Recent polling of voters has found that the ruling PC party is in serious trouble across the province and in particular in rural Alberta – that supposed fortress of PC power. It’s a shocking change from just a year ago and would indicate that the PCs should be considering a serious overhaul to reverse their fortunes. But that may not be easy for a government that over thirty years has become fat and arrogant. The first reaction of those that have come to believe power as an entitlement is usually denial and the presumption that voters will come to their senses by the next election.
In recognition that something might not be right, rumour has it that Premier Stelmach is considering a cabinet shuffle. That would be surprising as a shuffle would indicate that something is amiss and the Premier Ed Stelmach is not known for even thinking he might have made some mistakes.
If a shuffle is in the premier’s mind, he might consider shuffling the present Minister of Agriculture to the legislature backbenches where he can no longer do anymore harm. Along with the energy minister, the agriculture minister can be credited with considerable blame for the crash in PC party support in the countryside.
His presumptive approach to the Alberta livestock industry by telling them if they do not buy the government vision they might as well just go and do something else was insulting to many who have spent generations raising livestock. The minister’s much vaunted Alberta Livestock and Meat Strategy appears to be nothing more than a rehash of old ideas or pie in the sky wishful thinking – or as one industry leader said – it’s all about selling hope.
But the minister was decisive about one thing, anyone who dared question the vision was to be severely punished. The Alberta Beef Producers organization won the dubious honour of being the first ag producers organization in history to be singled out by the minister for de-stabilization for having the audacity to challenge his wisdom. In one swoop, he wiped the ability of cattle producers (and lamb, pork, potato producers caught in the vindictive crossfire) to fairly and adequately manage their own affairs and develop their industry by taking away their mandatory checkoff.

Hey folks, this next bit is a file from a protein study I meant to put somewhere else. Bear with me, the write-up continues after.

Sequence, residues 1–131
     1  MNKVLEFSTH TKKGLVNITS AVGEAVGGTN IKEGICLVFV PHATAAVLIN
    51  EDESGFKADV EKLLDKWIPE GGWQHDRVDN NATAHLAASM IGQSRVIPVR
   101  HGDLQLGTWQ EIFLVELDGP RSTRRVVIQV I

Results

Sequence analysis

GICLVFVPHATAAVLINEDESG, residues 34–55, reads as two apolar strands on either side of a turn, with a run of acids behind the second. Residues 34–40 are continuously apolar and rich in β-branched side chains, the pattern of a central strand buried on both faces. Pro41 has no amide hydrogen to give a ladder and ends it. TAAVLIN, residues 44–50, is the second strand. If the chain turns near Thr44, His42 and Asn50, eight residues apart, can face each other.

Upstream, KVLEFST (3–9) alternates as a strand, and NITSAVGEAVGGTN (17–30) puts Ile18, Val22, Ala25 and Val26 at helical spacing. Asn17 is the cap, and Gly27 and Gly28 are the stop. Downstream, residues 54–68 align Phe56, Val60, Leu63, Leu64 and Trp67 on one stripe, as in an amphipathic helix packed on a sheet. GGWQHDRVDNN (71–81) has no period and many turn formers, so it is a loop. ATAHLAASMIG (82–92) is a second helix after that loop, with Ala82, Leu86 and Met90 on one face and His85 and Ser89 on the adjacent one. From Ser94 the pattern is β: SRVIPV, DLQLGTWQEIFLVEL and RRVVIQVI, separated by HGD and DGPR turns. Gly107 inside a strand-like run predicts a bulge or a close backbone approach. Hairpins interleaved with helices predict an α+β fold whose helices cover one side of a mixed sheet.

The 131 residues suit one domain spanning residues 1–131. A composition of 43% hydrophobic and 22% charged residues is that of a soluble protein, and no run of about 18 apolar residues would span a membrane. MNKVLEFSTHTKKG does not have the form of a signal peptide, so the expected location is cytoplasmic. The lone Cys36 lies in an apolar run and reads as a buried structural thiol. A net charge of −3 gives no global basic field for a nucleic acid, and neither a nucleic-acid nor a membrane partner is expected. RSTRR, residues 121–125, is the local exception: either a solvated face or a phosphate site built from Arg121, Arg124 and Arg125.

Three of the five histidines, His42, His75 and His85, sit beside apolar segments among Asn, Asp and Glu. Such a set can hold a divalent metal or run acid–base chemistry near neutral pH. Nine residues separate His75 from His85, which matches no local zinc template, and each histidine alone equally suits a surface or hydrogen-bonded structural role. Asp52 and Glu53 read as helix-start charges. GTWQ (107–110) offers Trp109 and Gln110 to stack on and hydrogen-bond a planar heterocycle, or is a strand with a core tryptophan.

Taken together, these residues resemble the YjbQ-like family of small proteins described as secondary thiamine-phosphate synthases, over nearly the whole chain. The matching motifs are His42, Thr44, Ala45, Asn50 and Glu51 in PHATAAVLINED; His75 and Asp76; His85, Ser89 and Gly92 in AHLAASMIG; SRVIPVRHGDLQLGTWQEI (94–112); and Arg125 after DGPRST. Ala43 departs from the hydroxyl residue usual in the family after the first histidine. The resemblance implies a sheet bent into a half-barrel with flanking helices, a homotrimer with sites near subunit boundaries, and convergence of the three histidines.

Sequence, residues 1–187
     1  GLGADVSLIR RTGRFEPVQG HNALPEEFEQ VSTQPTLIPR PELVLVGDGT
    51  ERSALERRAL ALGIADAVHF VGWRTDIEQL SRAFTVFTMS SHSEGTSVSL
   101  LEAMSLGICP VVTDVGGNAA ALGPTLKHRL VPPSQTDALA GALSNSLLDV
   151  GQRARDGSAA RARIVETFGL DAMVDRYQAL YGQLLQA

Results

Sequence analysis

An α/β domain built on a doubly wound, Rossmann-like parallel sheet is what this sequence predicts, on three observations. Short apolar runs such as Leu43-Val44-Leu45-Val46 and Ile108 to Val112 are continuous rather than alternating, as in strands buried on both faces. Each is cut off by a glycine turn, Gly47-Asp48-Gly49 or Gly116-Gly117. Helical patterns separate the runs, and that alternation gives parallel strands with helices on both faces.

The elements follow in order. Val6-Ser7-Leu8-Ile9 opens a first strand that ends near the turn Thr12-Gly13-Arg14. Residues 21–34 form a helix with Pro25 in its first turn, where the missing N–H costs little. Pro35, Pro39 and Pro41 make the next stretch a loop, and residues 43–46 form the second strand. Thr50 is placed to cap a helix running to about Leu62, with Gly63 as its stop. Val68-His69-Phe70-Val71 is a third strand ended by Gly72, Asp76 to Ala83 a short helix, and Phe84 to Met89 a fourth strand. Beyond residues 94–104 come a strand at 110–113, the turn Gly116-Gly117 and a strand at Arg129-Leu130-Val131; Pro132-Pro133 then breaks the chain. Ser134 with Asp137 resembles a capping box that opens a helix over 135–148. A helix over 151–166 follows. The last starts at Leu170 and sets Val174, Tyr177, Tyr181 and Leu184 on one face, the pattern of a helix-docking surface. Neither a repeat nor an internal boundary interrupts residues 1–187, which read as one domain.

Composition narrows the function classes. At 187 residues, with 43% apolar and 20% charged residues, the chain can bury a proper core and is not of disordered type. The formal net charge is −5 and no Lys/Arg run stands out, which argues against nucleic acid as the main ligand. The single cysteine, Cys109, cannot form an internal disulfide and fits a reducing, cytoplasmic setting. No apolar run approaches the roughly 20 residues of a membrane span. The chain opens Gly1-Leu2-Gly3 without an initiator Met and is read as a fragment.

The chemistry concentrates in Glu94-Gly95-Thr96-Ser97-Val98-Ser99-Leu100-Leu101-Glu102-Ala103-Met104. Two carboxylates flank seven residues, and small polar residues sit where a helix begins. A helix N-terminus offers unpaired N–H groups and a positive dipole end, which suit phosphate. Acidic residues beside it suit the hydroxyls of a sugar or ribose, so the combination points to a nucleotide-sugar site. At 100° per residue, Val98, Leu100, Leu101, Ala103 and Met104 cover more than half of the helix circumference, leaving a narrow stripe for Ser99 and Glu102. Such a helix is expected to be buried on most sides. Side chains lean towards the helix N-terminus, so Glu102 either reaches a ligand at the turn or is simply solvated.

It would seem that the minister, feeling rather self-assured about captive PC voters in rural Alberta, did not even consider that livestock producers might be offended by his arbitrary action to destroy their organizations. It could be estimated that as many as 250,000 rural voters are directly connected to the livestock industry. There may well be many more other voters through family and related businesses that might also sympathize. That’s a lot of rural voters to upset, especially when they now see a realistic alternative to the present PC government.
In what seems like a desperate attempt to save the vision of the livestock strategy, the minister’s own livestock organization, the Alberta Meat and Livestock Agency, has been spending millions of taxpayer dollars on projects, and shamefully on itself, in the hope that something dramatic will happen. The minister has also gone on a number of foreign trade junkets to plead with buyers and foreign governments to take some dramatic action to save the Alberta livestock industry – I would suggest it is all to no avail.
If the Alberta government wanted to do something dramatic to stem its declining fortunes in rural Alberta, the premier should shuffle the present minister to the backbenches. He should install a minister who is not under the influence of a small group of feedlot operators and who is prepared to respect the democratic will of livestock organizations.
And yes, a new agriculture minister could admit that mistakes have been made and reverse the arbitrary decision on terminating the mandatory checkoffs for certain commodity groups. That would be dramatic and it might give rural voters the idea that their government actually listens. But don’t hold your breath for any such wise decisions from entrenched governments. The only time they listen is voting time and the next time that happens they may have wished that they had listened to voters a lot earlier.